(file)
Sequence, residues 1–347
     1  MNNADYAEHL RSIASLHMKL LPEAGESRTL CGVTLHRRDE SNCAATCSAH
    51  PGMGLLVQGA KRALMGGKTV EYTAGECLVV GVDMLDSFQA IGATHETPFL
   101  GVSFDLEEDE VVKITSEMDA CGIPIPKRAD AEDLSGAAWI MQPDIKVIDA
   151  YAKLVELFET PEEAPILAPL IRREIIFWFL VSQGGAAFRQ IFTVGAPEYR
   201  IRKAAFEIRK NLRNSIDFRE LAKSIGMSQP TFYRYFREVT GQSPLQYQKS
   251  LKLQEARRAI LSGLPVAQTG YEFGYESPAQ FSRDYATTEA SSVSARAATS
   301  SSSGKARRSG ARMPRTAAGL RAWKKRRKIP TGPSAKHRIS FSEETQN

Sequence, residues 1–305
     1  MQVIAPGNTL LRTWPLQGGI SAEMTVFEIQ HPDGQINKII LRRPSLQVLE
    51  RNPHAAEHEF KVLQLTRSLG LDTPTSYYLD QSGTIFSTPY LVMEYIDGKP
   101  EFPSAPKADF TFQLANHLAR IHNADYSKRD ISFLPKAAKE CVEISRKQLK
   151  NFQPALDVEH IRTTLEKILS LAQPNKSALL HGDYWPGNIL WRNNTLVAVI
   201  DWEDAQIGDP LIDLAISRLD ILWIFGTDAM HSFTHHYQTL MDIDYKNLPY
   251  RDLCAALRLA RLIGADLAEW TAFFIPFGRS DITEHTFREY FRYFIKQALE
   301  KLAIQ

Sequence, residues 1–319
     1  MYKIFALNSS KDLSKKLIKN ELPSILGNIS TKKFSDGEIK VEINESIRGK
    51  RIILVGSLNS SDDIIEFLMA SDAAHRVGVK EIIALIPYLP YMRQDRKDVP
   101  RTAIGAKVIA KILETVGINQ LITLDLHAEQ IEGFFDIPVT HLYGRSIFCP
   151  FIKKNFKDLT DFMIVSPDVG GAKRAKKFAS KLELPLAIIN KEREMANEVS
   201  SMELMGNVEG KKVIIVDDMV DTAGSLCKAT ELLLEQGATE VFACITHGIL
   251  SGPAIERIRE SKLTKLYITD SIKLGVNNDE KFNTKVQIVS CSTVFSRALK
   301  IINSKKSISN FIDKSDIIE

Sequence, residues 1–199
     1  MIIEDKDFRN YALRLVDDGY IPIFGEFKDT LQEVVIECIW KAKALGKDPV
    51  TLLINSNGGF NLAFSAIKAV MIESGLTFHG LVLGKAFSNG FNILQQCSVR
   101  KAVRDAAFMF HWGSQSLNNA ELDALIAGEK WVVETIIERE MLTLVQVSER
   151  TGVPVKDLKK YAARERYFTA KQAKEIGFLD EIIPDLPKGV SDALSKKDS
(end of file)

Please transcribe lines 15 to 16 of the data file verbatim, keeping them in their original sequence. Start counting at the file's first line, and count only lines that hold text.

   251  RDLCAALRLA RLIGADLAEW TAFFIPFGRS DITEHTFREY FRYFIKQALE
   301  KLAIQ